Hello from Coquette Point,
'The monsoon trough has surged and the United States Military Joint Typhoon Warning Center has declared a tropical cyclone 23P on the monsoon trough. The cyclone is 687 nautical miles east-northeast of Cairns. It will be called
'Ita' by the Australian BOM and the system is now moving west-southwestward at four knots towards the Queensland coast. It is expected to cross the coast, over the top of Cape York, late next week as a cat 1 or 2 cyclone.
This system is producing a lot of rain and combined with a large high in the Bight we can expect to see a very active convergence zone around the Cairns area. Flood rains should be expected all along the Wet Tropical Coast next week.
This is the same system that has caused devastating floods in the Solomon Islands. At least 7 people are dead, 30 missing and 10,000 are homeless, just in the capital Honiara alone, from torrential rain and huge waves which battered the Islands.
The Mataniko River in Honiara broke its banks and swept away houses that were built on the high banks of the River. The riparian vegetation was long ago removed and the natural systems so altered with no environmental oversight, 'green tape', to control the population surge into Honiara from the outer Islands. 70,000 people now live on an 8sq mile Island: they now need our help.
Very good news from Taggs at Coquette Point this week, Cassowary 'Hagar', previously known as 'Little Dad' has turned up with a chick. Taggs first saw them last week when we had the 180 degree rainbow over the Johnstone River, so he has called the new chick 'Rainbow'. Rainbow is about two months younger than Snout's chick Ky.
Ky is growing fast and this week is feeding on guavas, Leichardt tree fruit and a blue fruit I have not been able to identify.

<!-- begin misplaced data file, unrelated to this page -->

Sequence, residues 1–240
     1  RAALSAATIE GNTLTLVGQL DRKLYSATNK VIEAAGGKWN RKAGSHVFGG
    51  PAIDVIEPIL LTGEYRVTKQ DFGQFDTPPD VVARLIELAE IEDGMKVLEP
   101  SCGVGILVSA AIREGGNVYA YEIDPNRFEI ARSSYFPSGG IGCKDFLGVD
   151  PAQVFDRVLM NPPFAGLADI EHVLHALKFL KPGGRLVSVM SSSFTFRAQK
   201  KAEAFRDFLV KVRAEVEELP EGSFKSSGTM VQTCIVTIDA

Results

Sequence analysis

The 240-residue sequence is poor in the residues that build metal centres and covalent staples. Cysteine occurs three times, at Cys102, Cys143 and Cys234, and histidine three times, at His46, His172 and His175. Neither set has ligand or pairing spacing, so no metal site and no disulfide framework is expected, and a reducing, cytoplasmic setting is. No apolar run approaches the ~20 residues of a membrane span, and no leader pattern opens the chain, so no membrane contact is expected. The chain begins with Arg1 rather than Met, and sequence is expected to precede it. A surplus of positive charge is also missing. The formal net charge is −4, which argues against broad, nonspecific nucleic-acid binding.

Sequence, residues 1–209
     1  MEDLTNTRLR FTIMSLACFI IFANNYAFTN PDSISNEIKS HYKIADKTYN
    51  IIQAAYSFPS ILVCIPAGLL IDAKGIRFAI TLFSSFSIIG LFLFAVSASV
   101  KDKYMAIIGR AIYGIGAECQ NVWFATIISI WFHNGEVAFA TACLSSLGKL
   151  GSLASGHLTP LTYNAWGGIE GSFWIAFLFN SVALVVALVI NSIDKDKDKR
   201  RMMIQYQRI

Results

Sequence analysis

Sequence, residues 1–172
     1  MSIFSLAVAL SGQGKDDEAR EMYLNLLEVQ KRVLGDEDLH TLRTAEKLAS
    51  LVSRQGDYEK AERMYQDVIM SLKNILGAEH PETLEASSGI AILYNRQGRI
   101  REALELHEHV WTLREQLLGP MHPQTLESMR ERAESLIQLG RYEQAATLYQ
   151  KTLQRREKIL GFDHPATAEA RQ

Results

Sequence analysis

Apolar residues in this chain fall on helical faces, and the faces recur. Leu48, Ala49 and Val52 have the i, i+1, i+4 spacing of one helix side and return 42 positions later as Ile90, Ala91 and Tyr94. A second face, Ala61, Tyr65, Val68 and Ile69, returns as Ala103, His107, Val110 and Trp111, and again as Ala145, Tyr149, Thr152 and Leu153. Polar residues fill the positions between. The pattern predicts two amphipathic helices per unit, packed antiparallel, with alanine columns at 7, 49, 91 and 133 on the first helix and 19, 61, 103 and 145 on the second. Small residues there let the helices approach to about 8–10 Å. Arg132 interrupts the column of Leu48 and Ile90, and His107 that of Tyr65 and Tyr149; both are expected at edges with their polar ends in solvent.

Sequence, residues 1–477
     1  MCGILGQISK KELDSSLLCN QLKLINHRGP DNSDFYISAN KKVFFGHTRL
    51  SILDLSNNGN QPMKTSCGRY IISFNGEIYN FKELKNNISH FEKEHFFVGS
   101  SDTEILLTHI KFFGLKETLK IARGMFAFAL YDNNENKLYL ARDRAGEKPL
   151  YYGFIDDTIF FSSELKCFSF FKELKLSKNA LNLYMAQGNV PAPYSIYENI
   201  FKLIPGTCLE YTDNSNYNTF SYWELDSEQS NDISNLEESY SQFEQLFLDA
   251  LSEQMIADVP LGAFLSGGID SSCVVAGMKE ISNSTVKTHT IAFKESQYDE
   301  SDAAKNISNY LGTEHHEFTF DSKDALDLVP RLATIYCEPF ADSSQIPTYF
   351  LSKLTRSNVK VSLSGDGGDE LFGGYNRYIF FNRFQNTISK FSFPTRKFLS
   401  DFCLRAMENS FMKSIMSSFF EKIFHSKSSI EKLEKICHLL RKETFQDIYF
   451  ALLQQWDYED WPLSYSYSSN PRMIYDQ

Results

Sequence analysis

It has been very hot and humid and Snout and Ky have been coming into the nursery to drink from the waterlily bath. Neither Snout nor Ky any longer take notice of Plastic Cas, they have worked out she is not a threat.
Lace Monitors are very active at the moment shedding old skin and hunting for insects, frogs and eggs. Diana O'Brien found this one in her back garden at Coquette point. The goanna didn't seem to mind Diana when she went in close to say hello. Thanks for the photos Diana.
Lace Monitors are the second-largest monitor in Australia and can grow to 2.1m in length.
Other reptiles are also active at the moment and Ian Laidlaw at Tupeki on the Palmerston sent me this photo. Ian is a keen photographer and as he said "You've got to be slick to catch the lick." Great shot Ian.
"Lots of frogs about from the constant wet weather over the last month and the snakes are in a frog feeding frenzy, with the nights becoming a little chilly already on the Palmerston."
Thanks for the photos Ian.
Most of he Pied Imperial Pigeons appear to have left for their 2014 migration as I have only seen one bird this week and Ruth Lipscomb, from the top of the Moresby Range, reports sighting only three birds and they were heading south on a feeding trip, in the early morning.
Wongaling Beach bird watchers also report that the PIPs have left the Mission Beach area.
I have watched the one bird which remains here flying and eating with the Metallic Starlings.
Large flocks of Metallic Starlings can be seen feeding on rainforest fruits all day long. No doubt most will also soon leave for their migration journey to Papua and Indonesia.
The Feast of the Senses Market Day Extravaganza will be held in the Innisfail CDB tomorrow from 9am to 3pm. Over 100 stalls exclusively with local produce, cooking demos and entertainment: a great day out for the whole family.
Cheers for this week,
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